My first year flew past. I am now in my second year and have moved into private accommodation, ready to do it all again with new flatmates.

 

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Image 3: A birthday surprise from my flatmates. One of the highlights of my year was the birthday party my flatmates threw for me, it was also lovely to receive the card signed by everyone and the presents they bought me.

 

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Image 4: Another great part of living in student accommodation were the themed nights we had, these included: burrito, curry and movie nights. This picture was taken on one of the burrito nights we had, and, as you can see, my flatmate approves.

A Day in My Life: Wednesday 27th September 2017

Summer is over but a new chapter of my life is beginning, I have just started my second-year reading History and Politics at Queen Mary. As I am no longer new to the university, finding my way around campus and adjusting to my new timetable is easier. The campus at Queen Mary includes the teaching buildings and accommodation on one site. Below is an outline of how I spent my first Wednesday in second year – an example of a day in my life:

8:00 am: My alarm goes off, but it’s bit early for me, so, with time on my side, I stay in bed a little longer.

9:00 am: Finally, having mustered up the energy, I wake up and get ready to go.

10 am: To shake the cobwebs away and prepare myself for the day ahead, I did a quick session in the gym. Queen Mary has its own gym, the Qmotion sport and Fitness Centre, and I used this last year when living in university accommodation (halls). However, now that I have moved into private accommodation, a rented flat a short distance from campus, my new, local gym is more practical to get to, but has equally good facilities and customer service.

 

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Image 1: Me on the roof of my flat, just before heading to the gym.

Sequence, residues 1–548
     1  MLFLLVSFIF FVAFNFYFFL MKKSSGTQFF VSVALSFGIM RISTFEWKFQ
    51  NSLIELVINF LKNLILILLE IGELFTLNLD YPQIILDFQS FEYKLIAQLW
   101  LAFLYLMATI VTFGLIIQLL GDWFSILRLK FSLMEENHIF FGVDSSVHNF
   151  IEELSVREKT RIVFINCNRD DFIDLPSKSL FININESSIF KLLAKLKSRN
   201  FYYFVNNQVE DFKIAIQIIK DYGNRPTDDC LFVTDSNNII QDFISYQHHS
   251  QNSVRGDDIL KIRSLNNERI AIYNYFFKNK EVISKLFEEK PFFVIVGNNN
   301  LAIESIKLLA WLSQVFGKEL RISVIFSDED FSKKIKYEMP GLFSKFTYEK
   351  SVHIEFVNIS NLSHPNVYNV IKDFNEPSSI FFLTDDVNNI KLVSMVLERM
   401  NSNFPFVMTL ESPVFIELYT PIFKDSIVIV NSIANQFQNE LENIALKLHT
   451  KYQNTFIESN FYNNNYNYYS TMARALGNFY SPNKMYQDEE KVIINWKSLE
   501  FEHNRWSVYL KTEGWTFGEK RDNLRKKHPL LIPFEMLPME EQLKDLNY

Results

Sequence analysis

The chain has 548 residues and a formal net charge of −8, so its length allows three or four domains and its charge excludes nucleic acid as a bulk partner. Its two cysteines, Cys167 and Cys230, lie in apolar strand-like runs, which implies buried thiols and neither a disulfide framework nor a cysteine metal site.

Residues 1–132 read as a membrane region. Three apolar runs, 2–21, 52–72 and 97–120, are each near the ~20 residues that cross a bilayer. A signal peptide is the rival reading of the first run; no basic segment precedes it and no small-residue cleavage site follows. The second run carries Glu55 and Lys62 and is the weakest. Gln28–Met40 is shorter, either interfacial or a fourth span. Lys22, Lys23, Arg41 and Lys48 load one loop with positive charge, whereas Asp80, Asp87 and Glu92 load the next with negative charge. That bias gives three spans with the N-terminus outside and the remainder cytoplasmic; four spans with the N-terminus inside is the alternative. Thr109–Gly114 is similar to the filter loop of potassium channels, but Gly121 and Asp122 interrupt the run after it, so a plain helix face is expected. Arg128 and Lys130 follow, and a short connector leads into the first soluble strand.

Midday: After walking to campus, I arrive at my History lecture. A lecture is a talk by an academic on a given subject, where students are expected to take notes. Class sizes are a lot larger than in secondary school, with potentially over 100 students attending. Today’s focus was early German history, from its formation to World War 2. I’ll spare you the specific details today, but (spoiler alert) it didn’t end well.

1pm: Straight after this I went to a free taster session for Fencing, one of Queen Mary’s 60 sports teams, having signed up at the Welcome Fair. During the 2-day event the full range of Queen Mary’s 200 plus societies are showcased and students can sign up to the societies they are interested in. It was a quick and fun introduction to Fencing’s basic techniques aimed at novices, like myself, of any academic year, who wanted to try out a new sport before fully committing to it (I have since signed up for the full year).

2.30 pm: I then went to Queen Mary’s Mild End Library, where I printed off, read and made notes on my lecture readings. As part of my degree I am expected to read around my subject independently to supplement the lecture so that I can participate in in-depth discussion, in much smaller groups, during the seminar tomorrow.

5.45 pm: Finally, time for dinner! I usually make my own meals, as it is cheaper and healthier than ready meals or take aways, today I had Chicken in a satay sauce and noodles (image 2).

 

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7 pm: Over the course of my first year, I made many new friends for life; some were people who I lived with and others I made through my course. A few of them have become my new flatmates for this year. With my work finished for today I could enjoy some downtime with them. It wasn’t all relaxing though, as our game of Mario Kart Wii got very intense (image 3), although I’m pleased to say that I eventually won the race. Afterwards, we went out socialising.

 

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11.30 pm: Exhausted, we returned home and swiftly went to bed (image 4).